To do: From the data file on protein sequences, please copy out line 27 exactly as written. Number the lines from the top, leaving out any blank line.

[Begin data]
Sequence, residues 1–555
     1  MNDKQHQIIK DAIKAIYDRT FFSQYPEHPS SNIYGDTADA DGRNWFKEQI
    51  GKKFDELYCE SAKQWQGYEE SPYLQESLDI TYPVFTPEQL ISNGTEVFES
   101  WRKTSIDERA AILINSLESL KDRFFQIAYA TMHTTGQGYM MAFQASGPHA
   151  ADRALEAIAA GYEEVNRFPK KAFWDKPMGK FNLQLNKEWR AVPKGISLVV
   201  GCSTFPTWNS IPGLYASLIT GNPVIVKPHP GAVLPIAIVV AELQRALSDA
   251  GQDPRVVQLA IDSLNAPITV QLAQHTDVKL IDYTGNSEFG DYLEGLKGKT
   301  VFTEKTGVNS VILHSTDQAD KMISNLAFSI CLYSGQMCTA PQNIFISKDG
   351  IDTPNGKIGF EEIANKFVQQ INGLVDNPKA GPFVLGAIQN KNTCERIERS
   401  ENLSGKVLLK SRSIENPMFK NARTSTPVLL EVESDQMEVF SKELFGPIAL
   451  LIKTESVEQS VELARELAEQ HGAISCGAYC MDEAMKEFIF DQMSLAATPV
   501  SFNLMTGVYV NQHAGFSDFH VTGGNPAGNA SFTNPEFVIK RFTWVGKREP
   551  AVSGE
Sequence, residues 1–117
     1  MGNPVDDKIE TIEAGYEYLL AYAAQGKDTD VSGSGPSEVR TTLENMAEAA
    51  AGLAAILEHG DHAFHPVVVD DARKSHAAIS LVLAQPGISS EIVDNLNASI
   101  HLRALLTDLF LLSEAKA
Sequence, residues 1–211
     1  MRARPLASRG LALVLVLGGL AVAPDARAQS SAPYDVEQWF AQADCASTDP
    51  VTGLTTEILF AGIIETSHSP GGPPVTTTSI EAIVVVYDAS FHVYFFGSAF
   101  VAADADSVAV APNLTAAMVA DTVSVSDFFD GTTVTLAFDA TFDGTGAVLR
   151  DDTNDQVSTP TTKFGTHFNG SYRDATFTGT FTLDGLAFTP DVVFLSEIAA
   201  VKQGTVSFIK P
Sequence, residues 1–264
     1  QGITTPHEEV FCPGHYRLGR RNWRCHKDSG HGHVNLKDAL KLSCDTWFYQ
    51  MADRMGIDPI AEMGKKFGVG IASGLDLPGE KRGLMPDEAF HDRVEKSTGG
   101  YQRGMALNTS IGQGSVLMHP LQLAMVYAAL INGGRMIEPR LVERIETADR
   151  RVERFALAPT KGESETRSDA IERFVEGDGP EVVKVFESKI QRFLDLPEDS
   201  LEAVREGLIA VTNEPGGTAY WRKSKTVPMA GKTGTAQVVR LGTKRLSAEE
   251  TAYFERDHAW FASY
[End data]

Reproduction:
   101  YQRGMALNTS IGQGSVLMHP LQLAMVYAAL INGGRMIEPR LVERIETADR